A Coaching Culture Transformation ~ Case Study
A Coaching Culture Transformation ~ Case Study
What would a true organizational coaching culture actually look like?
As coaches and human resource professionals we often love to imagine a theoretical organization where “everyone is a coach and has a coach”. But how would this actually work? Welcome to Coastal Community Credit Union. While no organization could ever live up to this absolute ideal, the coaching culture transformation of Coastal is an authentic demonstration of what can be accomplished with a dedicated team in a small organization with the right fundamentals.
But how does a champion of organizational change begin? Why do many corporations that conduct managerial coach training see little significant change? At Coastal, an accredited Manager as Coach training, based on the ICF coaching competencies was the foundation. Building a true transformational shift into this training experience was key.
Are real coaching conversations actually taking place? We all know it takes time to shift old habits. Having more that 10% of Coastal’s 650 staff participate, created a saturated learning environment that reinforced the coaching message. A comprehensive follow-up program supported the early adopting managers to dialogue their success until the benefits of the managerial coaching process became self-evident.
Is coaching really an organizational priority? Any cultural shift will quickly lose momentum if it is fighting against the overall current. Coastal’s early success with managerial coaching would have faded if it had not been well integrated with the overall strategy, performance management systems and leadership initiatives. Managerial success stories supported the coaching message to become the organizational theme of the year. This cycle of unstoppable momentum inspired 6 more coaching programs in 2009 resulting in a true tipping point.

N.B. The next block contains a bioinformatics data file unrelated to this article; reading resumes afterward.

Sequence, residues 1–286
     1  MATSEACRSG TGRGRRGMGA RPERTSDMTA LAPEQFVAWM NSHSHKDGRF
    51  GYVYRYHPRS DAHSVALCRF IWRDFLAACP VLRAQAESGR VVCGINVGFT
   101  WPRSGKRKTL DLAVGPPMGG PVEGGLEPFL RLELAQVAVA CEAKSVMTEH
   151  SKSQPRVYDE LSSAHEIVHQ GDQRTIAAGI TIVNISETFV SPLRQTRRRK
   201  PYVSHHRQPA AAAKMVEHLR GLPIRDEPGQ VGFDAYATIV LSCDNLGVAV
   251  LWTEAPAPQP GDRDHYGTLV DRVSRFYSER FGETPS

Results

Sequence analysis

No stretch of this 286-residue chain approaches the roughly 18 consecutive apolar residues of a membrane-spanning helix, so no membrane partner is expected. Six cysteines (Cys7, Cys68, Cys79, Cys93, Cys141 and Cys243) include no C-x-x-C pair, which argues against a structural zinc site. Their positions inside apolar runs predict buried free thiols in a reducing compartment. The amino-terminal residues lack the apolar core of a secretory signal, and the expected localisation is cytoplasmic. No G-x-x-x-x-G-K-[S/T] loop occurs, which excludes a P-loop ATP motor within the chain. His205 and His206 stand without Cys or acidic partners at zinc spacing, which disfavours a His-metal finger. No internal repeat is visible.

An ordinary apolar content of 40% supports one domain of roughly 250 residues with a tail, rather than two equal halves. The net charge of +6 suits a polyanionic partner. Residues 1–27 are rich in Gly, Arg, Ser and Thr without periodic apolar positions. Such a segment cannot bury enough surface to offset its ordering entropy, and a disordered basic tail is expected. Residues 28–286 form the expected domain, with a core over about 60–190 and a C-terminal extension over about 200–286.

Coastal has a long history of a caring and employee focused organizational culture. This employee-focused strength was an important foundation for the coaching program. However it was also sometimes seen as a barrier to creating a high-performance culture. When employees deeply care about one another, sometimes there is a hesitancy to say something to a colleague that might hurt their feelings. Enabling authentic “coaching conversations” was a critical driver to creating a high-performance culture where employees are coached to be the best they can be.
Coaching Champion – Let’s Build a Coaching Culture Together
Beginning in 2007, when Deborah Lang first joined Coastal, she identified a key opportunity to use coaching as a foundation for leadership development, employee engagement and broad organizational change. To better understand the environment, Deborah’s manager asked her to job shadow a number of managers and employees. This process allowed her to confirm that coaching, as a foundation for leadership would have great impact.
Deborah noticed that the employee performance management system identified coaching as a core competency for managers and she engaged a number of managers in conversations about their coaching practices. In assessing the existing managerial coaching skill level in the organization she noted that the word “coaching” was used by managers as a “catch-all phrase” to describe all kinds of meetings between supervisors and employees. Managers were told to conduct weekly “coaching” sessions with employees but had no specific training in what coaching was. As a result, what was called coaching was often not true coaching as described by the International Coaching Federation (ICF).